Mind your language. What all the above says is: everything depends. We thought Labour doomed to terrible defeat, and almost every single day brought data that backed up just that case. But then Mr Corbyn decided to put in a late effort, making a deep if sudden impression on voters who had absorbed only the vague concept that he was a bit rubbish. His team went for broke with some really, really big spending pledges. And if Labour was going to get hammered, it needed opponents to perform the beating. The Conservatives’ campaign disappeared down a rabbithole. The Liberal Democrats and UKIP never even got that far. That reveals an important constant that we should have taken more care over: context is all. The closed nature of the language we originally used to describe the likelihood of Labour’s retreat is striking in this respect.  We said in September 2015 that ‘Labour under Corbyn will be lucky to drag its boats off the electoral beaches in a Dunkirk-style electoral disaster’. They’d probably return only 180 to 200 MPs, we said. Well, if that language had been more sensitive, more contingent, more focused on the ifs and whats and maybes, that would have been a perfectly respectable judgement. But you need to build in a sense of possibility, to say things like ‘unless the Conservatives collapse in division, or there’s a huge recession’, or some other qualifying clause that sounds like a cop-out, but only reflects uncertainty. Advice to self: next time, make sure you say that it is most likely to go down like this, that and the other, but that there are clear and discrete situations – that we can specify and imagine – in which the course of events might go off in a different direction. Historians should understand the nature of politics, as against the structural factors beloved of some other disciplines. We lost sight of some of that. The last few weeks have changed the end result, despite the very strong likelihood even at the start of the campaign that Labour was going to get an awful mauling. There’s a lesson there.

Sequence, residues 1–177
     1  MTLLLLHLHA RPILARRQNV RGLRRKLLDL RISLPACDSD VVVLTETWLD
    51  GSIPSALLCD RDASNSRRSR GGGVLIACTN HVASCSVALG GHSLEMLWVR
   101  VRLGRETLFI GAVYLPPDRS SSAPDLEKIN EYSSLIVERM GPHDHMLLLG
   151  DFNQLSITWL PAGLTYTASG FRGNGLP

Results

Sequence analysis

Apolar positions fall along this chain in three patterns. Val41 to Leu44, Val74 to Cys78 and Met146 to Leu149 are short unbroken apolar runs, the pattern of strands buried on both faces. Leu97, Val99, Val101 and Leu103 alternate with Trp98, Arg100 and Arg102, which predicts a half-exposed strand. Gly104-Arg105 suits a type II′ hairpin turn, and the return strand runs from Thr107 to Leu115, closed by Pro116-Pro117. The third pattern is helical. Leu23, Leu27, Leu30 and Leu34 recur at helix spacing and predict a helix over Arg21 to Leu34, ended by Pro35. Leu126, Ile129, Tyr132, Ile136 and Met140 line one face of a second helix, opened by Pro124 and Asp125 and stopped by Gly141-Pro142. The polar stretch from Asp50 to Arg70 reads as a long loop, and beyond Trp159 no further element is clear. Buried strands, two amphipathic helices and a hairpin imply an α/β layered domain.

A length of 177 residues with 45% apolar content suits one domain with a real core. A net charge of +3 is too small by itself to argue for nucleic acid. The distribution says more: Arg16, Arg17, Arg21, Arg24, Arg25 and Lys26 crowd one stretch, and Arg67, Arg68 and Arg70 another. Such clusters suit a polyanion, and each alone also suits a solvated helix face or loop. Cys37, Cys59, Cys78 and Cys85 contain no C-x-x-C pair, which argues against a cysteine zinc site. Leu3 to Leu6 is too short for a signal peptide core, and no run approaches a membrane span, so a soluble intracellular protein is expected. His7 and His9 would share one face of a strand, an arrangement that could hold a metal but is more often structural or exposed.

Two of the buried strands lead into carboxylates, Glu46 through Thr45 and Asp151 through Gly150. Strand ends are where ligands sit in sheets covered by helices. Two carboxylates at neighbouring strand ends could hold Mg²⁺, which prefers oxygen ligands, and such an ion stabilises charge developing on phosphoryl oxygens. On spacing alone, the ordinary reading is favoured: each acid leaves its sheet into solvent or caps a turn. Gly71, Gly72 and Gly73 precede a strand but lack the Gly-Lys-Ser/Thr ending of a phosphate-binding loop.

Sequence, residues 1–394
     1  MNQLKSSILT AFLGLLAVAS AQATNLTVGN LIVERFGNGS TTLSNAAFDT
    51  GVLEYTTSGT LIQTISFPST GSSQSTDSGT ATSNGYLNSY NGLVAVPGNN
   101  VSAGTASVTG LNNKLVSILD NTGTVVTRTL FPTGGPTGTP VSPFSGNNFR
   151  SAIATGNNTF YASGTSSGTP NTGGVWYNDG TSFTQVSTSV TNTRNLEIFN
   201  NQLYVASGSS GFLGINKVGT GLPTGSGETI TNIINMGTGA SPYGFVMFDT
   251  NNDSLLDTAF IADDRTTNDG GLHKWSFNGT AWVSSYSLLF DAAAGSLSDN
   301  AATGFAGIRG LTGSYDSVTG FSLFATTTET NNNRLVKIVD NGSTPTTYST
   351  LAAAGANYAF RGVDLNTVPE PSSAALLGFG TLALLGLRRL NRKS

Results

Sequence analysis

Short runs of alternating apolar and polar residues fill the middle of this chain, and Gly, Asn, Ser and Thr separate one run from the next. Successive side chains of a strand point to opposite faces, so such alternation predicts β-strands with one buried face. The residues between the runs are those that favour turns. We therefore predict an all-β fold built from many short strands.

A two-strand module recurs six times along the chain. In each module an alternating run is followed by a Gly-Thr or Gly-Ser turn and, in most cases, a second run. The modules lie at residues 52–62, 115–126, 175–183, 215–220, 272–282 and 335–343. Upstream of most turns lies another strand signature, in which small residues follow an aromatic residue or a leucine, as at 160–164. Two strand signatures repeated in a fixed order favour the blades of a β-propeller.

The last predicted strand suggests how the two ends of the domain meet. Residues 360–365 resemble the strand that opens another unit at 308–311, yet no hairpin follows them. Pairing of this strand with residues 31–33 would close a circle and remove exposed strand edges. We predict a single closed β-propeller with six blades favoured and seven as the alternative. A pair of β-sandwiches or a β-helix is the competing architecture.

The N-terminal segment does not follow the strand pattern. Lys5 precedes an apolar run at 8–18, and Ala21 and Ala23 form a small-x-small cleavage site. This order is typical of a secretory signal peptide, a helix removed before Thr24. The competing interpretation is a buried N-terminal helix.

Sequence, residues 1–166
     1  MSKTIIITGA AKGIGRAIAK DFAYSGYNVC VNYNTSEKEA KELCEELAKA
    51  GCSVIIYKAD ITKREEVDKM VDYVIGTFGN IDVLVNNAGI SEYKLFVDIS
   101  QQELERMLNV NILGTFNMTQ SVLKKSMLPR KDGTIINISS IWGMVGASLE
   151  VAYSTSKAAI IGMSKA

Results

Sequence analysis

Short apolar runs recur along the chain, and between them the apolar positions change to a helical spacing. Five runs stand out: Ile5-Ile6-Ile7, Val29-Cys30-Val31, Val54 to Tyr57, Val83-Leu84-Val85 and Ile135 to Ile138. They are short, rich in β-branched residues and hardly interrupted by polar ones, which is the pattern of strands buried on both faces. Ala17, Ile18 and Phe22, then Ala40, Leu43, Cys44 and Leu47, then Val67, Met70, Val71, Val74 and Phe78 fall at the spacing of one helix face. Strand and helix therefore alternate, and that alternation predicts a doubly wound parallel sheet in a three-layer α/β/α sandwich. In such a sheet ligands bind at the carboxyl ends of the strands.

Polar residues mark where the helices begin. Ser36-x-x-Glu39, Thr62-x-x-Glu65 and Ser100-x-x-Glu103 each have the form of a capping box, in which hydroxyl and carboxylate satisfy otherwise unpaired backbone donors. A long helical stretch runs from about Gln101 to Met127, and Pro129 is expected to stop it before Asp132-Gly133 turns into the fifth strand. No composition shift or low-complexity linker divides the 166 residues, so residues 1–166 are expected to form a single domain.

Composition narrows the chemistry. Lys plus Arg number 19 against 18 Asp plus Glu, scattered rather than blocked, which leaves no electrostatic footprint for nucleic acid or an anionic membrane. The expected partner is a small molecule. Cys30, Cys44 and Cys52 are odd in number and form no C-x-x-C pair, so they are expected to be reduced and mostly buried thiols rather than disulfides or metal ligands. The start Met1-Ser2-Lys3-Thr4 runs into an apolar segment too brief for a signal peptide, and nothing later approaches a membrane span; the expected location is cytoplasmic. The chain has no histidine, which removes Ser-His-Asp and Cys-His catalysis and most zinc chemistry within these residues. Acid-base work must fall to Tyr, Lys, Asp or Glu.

These are just a few random jottings towards a more fully worked-out version of the story. Views will evolve. We’ll cover some more factors – falling wages, declining house prices, the role of social media – next week. But the gap between forecast and endpoint is fascinating. It tells us a lot about how modern campaigns might now work, confounding our expectations about mid-term performance and eventual vote share. Figuring out how to reassess everything now will be an absorbing task. It’s more important than blame, apology or positioning. It should also be, well, great fun.